“It’s true, at first I didn’t want to go, but afterwards I changed my mind. But he knew that and he knows what he told me, so I have no worries, no regrets … I don’t mind because I’m happy I’m playing for my club – it’s much more important for me.”

Cameroon’s road to triumph was anything but smooth. After a rather rocky start against Burkina Faso, the young side improved in confidence against Guinea-Bissau and Gabon, before taking on Senegal in what was a tough quarter-final in Franceville.

That victory, through a penalty shoot-out, was their first tough game of the entire tournament, which they won by the skin of their teeth and after the players had to resolve a payments dispute with FECAFOOT.

The Lions finally roared against Ghana’s Black Stars in the semi-final, with a 2-0 victory – although the scoreline betrayed the difficulty of this keenly contested game.

The 22-year-old goalkeeper Fabrice Ondoa, with Spanish side Seville, got the Lions out of many tricky situations with his cat-like reflexes.

Otto Pfister, the legendary German coach that led the Lions to their last final in 2008, picked Ondoa as Cameroon’s most promising talent.

ALSO READ: Osasu Obayiuwana’s Postcard from Gabon: A German in Africa

As Broos readily admitted, “Ghana have more experience than us. But since the start of this tournament, we have shown we keep going right to the end, in every game.”

And that is certainly what they did, in the final against Egypt, seven-time winners of the trophy, who have beaten Cameroon in two finals – at home in 1986 and at the 2008 tournament in Accra, Ghana.

Mohamed El Neny’s 22nd-minute strike certainly gave the North Africans the belief that their eighth trophy was in sight.

But they did not contend with the persistence and fortitude of their young Cameroonian opponents, unburdened by the shackles of the past. Goals from Nicolas Nkoulou and Aboubacar Aboubacar closed that chapter and guaranteed Egypt’s first-ever defeat in an Afcon Final.

It was a loss that cut deep into the Egyptians, who refused to talk to the media in the mixed zone, walking straight to the team bus.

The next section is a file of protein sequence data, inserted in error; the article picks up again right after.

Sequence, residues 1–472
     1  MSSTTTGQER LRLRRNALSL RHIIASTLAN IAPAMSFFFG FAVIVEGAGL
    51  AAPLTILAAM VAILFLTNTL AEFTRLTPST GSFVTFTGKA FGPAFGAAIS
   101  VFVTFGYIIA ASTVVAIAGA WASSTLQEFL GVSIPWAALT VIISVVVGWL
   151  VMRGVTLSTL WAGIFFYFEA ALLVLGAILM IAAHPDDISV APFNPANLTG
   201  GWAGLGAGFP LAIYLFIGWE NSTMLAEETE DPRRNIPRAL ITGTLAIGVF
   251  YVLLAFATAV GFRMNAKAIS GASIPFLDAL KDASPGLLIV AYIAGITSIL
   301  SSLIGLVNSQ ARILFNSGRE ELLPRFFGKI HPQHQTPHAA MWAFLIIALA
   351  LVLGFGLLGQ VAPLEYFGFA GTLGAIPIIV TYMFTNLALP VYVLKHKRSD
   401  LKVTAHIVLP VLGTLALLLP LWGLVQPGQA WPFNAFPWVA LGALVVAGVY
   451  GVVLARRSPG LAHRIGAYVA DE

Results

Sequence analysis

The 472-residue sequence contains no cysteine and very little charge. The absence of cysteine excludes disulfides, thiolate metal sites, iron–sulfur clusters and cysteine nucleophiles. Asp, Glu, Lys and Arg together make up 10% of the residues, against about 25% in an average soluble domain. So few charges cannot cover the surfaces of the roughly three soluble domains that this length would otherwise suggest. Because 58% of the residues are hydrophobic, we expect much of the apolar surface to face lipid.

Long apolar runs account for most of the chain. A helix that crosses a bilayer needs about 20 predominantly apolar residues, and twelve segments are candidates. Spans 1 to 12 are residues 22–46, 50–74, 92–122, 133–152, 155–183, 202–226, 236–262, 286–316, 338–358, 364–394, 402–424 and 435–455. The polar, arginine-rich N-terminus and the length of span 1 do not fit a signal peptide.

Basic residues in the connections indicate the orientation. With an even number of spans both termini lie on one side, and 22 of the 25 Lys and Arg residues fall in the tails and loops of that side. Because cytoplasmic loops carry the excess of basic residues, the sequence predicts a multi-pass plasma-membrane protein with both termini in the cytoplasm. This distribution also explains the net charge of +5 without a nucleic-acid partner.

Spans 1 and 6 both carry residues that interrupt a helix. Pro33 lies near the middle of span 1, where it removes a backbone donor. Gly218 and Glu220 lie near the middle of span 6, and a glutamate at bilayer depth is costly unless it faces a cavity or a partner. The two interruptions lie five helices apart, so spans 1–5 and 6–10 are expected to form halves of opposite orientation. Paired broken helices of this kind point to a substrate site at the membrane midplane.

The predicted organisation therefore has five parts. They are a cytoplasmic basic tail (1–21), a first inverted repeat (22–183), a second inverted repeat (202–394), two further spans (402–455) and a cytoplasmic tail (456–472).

That was in stark contrast to the festive and jubilant Cameroonians, who danced and sang in celebration, over a triumph that no-one back home expected.

“Our victory has shown the world that we still have good football players in Cameroon,” says FECAFOOT president Sidiki.

“As for the players that did not come, we will never close the door on them. They are Cameroonians. But they must show us that they are ready to defend the colours of Cameroon.”

Although the Nations Cup will be in Yaoundé for the next two years – and Cameroon will host the 2019 edition as defending champions – they cannot afford to rest on their championship laurels for the rest of 2017.

Having just two points – out of a possible six – from their opening 2018 World Cup qualifying group matches, they have an uphill task dislodging arch-rivals Nigeria, currently in the driving seat with maximum points.

To have any chance of going to Russia, the newly-crowned African champions will have to defeat the Super Eagles at their Uyo ground on 28 August and repeat the feat on home soil on 2 September. That will, without question, be an arduous task.

Roger MillaCameroon have the record of making the most appearances for an African side at the World Cup finals – 1982, 1990, 1994, 1998, 2002, 2010 and 2014. But the Central Africans have only made the knockout stages of the tournament once – during their glorious quarter-final run at Italia 1990.

“It will be very difficult for us to qualify for the World Cup,” admits Sidiki.

“But I believe in our chances, because mathematically, it is still possible. We will work hard. Even if we have a 30 percent chance of making it to the World Cup, we will make every use of the chances that we have.”

The double header between both countries will certainly be a high point of the qualifying series.

If Cameroon fails to qualify, it remains to be seen if January’s unexpected triumph will keep Broos in good stead, in a country where World Cup qualification is regarded as a birth right.

As they say, a coach is only as good as his last result – a brutal but undeniable truism in a sport where failure is given short shrift.

With his years of experience, Broos knows this only too well.